“Mould and mildew can affect all of the wooden parts and can attack the felt on the hammers, changing their texture and thus the tonal qualities of the piano,” says Youse. “It could change the feel by attacking felt bushings throughout the action and pedal assemblies. Some of the chemicals to treat mould and mildew can cause damage of their own, so the best treatment is usually replacement of the affected parts.”

Minor rust is a cosmetic issue and can often be removed but, says Widdicombe, “bad corrosion can cause breaking strings. If strings are rusty as the result of water dripping, we advise replacement. The condition of the soundboard in this respect is also important.”

Pianos with modern polyester finishes are generally more water resistant, which is helpful against smaller-scale damage like drips from ceilings. But on grand pianos, the finish is almost irrelevant, as the hinge that opens the music stand is not watertight. “We have a piano where that happened — enough water on top of the piano got through and damaged the action,” says Widdicombe. “Funnily enough, the finish was not damaged. It was satin and could be fixed.”

Recommendations from Steinway & Sons

1. Buy a hygrometer for the room where your piano is located. You can buy a decent hygrometer for $30 to $40 at wine shops, hardware stores and technical equipment stores. This will give you an indication of the amount of moisture in the air.
2. Monitor the hygrometer to determine the highs and lows of humidity for your particular piano environment. According to established, institutional guidelines for piano maintenance, a humidity fluctuation range in excess of 30 points on the relative humidity (RH) scale is excessive for the piano. The result would be tuning instability, possible cracking of the soundboard, eventually loose tuning pins and sluggish or loose pivot points in the keys or action of the piano. Forty-five to 50 per cent RH is the optimum range for Steinway pianos.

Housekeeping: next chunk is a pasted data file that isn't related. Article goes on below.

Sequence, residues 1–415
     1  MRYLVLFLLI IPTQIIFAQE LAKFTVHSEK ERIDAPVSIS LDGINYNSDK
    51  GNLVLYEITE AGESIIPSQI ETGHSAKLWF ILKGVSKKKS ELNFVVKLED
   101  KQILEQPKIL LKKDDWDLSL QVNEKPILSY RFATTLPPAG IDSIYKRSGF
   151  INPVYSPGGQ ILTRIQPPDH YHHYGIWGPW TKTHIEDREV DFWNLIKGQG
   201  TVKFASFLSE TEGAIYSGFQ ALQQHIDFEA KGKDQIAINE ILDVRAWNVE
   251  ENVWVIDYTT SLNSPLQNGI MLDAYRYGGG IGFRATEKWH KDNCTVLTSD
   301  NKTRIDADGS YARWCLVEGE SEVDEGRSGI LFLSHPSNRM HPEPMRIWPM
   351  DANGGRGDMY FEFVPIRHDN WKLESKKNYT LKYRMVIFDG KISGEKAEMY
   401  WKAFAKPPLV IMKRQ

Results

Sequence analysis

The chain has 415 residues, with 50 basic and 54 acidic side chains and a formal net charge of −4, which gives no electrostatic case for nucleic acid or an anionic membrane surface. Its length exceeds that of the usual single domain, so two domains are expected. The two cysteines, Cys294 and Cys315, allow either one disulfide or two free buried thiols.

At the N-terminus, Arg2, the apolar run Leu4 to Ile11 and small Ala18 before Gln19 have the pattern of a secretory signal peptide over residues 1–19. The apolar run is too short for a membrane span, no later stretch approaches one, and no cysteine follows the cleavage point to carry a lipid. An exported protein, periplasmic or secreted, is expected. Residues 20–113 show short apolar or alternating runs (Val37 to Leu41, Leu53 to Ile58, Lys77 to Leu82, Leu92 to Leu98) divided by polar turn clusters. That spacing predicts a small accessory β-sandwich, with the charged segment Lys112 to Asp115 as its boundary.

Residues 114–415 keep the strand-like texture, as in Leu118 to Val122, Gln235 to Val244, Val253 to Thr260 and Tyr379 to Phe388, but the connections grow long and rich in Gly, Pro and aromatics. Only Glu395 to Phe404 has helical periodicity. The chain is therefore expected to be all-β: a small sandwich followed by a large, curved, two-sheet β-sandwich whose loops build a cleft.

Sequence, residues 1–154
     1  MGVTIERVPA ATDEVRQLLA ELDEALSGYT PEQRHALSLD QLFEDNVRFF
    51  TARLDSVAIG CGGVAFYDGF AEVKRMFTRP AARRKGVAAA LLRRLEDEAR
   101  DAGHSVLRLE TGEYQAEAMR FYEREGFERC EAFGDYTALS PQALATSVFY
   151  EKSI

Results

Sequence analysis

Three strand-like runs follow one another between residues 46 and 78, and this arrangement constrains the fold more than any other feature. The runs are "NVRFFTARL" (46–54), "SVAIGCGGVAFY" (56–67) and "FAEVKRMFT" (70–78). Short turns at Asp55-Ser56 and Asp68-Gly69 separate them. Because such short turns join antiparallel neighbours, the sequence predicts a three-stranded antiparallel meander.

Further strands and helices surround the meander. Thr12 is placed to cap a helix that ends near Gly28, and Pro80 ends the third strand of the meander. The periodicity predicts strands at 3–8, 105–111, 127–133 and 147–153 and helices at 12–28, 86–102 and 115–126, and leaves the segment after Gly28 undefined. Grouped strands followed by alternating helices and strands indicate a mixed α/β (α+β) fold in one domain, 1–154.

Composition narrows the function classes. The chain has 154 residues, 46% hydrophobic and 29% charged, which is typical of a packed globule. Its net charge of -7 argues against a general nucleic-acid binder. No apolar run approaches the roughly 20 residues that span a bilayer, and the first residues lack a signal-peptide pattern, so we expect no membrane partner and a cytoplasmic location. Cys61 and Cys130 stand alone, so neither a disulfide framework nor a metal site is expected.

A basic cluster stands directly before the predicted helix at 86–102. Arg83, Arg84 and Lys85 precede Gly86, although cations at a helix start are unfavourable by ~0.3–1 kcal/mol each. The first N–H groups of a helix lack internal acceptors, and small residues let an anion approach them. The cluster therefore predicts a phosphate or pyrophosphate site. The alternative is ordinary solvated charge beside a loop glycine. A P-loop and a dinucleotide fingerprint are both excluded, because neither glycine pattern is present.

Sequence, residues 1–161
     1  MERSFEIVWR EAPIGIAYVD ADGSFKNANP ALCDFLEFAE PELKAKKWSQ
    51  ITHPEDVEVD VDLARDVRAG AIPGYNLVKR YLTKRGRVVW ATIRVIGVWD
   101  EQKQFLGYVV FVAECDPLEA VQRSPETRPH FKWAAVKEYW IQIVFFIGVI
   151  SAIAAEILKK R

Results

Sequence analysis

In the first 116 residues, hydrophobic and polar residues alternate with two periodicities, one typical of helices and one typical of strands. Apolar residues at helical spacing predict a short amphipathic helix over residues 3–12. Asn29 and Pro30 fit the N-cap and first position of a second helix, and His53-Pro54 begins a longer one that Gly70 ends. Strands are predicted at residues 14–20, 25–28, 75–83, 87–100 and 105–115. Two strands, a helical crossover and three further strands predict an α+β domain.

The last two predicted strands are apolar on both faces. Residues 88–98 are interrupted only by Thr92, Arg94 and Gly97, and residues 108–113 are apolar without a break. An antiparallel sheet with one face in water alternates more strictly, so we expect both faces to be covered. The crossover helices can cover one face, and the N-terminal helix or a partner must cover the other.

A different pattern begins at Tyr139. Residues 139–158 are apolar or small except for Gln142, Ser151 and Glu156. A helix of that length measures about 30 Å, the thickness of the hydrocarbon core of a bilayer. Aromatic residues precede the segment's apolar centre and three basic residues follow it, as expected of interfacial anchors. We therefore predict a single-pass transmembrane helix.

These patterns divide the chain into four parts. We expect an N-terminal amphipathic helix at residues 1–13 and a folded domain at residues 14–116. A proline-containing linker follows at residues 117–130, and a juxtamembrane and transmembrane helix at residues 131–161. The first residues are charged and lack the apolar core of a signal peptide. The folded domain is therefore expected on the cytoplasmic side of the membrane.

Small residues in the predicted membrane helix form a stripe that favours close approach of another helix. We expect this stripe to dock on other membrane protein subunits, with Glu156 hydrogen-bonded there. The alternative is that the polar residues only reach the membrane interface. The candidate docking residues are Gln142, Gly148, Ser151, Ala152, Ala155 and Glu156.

3. Steinway & Sons recommends the use of climate control measures or a room humidifier as necessary during dry seasons. Whatever measures are used, the essential principle is to maintain as narrow a range of humidity fluctuation as possible and to safeguard the piano from sudden or drastic extremes of humidity fluctuation.
4. Treatment of mould or mildew requires professional attention, possibly restoration or replacement of parts, and relocation of the piano to a more suitable environment.

Steinway piano owners can only do so much to protect against extreme environmental events like Hurricane Sandy, but they can safeguard against humidity fluctuations through the regular use of a hygrometer to monitor relative humidity (see box). If needed, a humidifier or a dehumidifier or air conditioner can be added to control the overall environment in the piano room.

Widdicombe advises buying a room humidifier that has an outlet that goes to the outside rather than a built-in reservoir. He cites the case of a client whose dehumidifier was working just fine to keep the room stable — until he went away on holiday and the reservoir filled up and the dehumidifier stopped working.

Youse has a final warning for any rock stars contemplating pushing their piano into the pool. “We restore pianos from all over the world, so I see many different types of damage from many different types of environmental situations and I have seen many pianos that were beyond recovery,” he says. “Many people may not know this, but when a piano is submerged to the point where it floats (yes, pianos do float, albeit for a very short period of time) they flip over on their tops. Once you see that, the piano is pretty much unsalvageable.”